You’ve probably been hearing about how the Internet of Things (IoT), an ‘ecosystem’ that is constantly monitoring the environment and communicating data across networks, is going to transform the average person’s home and the property management industry for a few years now. Back in 2013, TechCrunch wrote, “with the emergence of connected devices, the entire home is being reinvented as a data product, opening great opportunities to entrepreneurs.”
Three years later, and with no major changes to speak of, maybe you’ve grown skeptical about the immediacy of the changes promised by futurists and tech experts.
But big changes tend to be gradual rather than immediate. For example, look at the slow adoption rate of the Internet, which was intended by its creator Tim Berners-Lee to be a collaborative platform. It took about three decades for its intended purpose to be realized.
The good news for believers in the IoT ecosystem and the positive impact it can have on the property management industry is that many experts believe we’re getting close to an explosion of mass-adoption that will lead to rapid, big changes.
Compared to expectations for 2020, the IoT ecosystem currently is fragmented and relatively small. However, Bala Iyer, Professor of Information Technology Management at Babson College, predicts that by 2020 there will be 50 billion connected devices. If the prediction holds, 2020 is the year the IoT ecosystem really starts to shape the way businesses are run, including property management companies.
Businesses, expected to be the top adopter of IoT solutions, will drive these big changes because of the positive impact on the bottom line. According to a recent report published by Business Intelligence, there are three ways the IoT can improve a business’s bottom line:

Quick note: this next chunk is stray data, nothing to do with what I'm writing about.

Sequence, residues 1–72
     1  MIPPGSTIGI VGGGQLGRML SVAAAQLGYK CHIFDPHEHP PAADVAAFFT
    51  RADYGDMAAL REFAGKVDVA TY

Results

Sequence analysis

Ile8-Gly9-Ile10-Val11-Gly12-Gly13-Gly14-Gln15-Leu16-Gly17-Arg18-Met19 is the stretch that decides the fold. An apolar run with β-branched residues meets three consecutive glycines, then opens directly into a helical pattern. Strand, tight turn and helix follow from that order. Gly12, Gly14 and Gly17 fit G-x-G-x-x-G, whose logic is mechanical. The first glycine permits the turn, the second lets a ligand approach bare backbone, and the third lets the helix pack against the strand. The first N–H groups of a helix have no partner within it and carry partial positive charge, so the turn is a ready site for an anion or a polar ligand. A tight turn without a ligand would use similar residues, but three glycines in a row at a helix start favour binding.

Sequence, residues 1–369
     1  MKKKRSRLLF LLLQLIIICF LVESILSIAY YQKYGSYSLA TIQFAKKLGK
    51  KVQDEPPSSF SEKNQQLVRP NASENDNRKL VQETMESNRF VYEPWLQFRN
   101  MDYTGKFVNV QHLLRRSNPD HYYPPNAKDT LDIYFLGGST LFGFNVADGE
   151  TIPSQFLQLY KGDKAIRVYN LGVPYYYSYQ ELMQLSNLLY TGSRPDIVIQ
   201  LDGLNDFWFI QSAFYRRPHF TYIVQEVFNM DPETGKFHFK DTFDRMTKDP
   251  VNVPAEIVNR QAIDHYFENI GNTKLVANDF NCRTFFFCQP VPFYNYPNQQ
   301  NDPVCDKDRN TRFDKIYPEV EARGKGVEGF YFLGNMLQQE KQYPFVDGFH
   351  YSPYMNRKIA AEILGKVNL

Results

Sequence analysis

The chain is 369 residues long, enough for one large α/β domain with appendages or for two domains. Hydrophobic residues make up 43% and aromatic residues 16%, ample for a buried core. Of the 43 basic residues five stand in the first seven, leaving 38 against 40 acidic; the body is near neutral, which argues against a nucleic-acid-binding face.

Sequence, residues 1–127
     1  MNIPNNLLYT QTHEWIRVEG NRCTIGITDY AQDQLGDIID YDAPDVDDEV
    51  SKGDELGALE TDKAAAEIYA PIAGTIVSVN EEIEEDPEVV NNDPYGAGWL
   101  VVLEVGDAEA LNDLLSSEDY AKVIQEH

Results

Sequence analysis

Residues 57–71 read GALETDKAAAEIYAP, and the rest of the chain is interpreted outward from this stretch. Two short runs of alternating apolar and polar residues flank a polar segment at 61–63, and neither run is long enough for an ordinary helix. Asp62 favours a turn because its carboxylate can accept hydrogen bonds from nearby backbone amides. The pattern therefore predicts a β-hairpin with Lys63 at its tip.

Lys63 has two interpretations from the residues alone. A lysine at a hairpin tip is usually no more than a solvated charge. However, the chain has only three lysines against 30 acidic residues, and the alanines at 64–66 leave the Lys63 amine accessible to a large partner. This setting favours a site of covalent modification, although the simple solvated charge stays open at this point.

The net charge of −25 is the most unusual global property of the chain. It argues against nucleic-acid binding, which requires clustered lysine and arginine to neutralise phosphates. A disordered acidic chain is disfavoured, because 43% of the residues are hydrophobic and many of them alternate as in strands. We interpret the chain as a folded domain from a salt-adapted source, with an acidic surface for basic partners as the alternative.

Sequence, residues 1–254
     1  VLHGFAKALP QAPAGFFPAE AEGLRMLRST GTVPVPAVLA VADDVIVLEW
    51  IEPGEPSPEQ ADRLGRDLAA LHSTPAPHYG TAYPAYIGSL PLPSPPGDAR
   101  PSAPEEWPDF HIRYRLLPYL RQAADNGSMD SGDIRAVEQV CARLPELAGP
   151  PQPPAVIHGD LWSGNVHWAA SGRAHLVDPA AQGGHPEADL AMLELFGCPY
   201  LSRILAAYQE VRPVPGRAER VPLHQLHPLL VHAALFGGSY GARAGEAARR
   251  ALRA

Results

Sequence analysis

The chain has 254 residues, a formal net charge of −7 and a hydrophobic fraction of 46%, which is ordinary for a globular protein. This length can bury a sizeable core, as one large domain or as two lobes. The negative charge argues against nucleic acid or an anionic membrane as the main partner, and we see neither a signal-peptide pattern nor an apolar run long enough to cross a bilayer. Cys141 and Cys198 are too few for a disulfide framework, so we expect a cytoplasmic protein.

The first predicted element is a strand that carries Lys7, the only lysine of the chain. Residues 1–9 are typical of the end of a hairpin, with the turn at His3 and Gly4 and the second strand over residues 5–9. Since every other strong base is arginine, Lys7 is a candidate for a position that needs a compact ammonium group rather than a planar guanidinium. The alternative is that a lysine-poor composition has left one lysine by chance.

➀ Lowering operating costs
➁ Increasing productivity
➂ Expanding to new markets or developing new product offerings
In 2016, most people only use smart devices like thermostats, carbon monoxide and smoke detectors, and cameras to monitor their children, pets or home entryways. But the IoT ecosystem is expected to grow quickly.
In fact, 43 percent of building managers in the U.S. believe the IoT will affect how they run their building within the next two to three years. Multi-Family Executive calls the current state of IoT “a big and growing-bigger soup of potential.”
As the IoT ecosystem grows, all these devices will “learn” to work with each other, creating smarter, more comfortable properties. One aspect of property management set to be improved by an IoT ecosystem is energy control. Fifty-nine percent of property managers surveyed by Daintree Networks“believe building energy control/management is a critical component of the Internet of Things.”
In addition to lowering energy costs, about 70 percent of property management professionals believe an IoT ecosystem help future proof their buildings. For example, an IoT ecosystem monitor their resident population’s habits. By studying residents’ habits, property management companies are better suited to staying on top of resident trends, adapting to those trends and therefore creating more desirable living spaces and improving the bottom line.
With all these big predictions about the IoT, it will be fun to see what 2020 holds for the property management industry.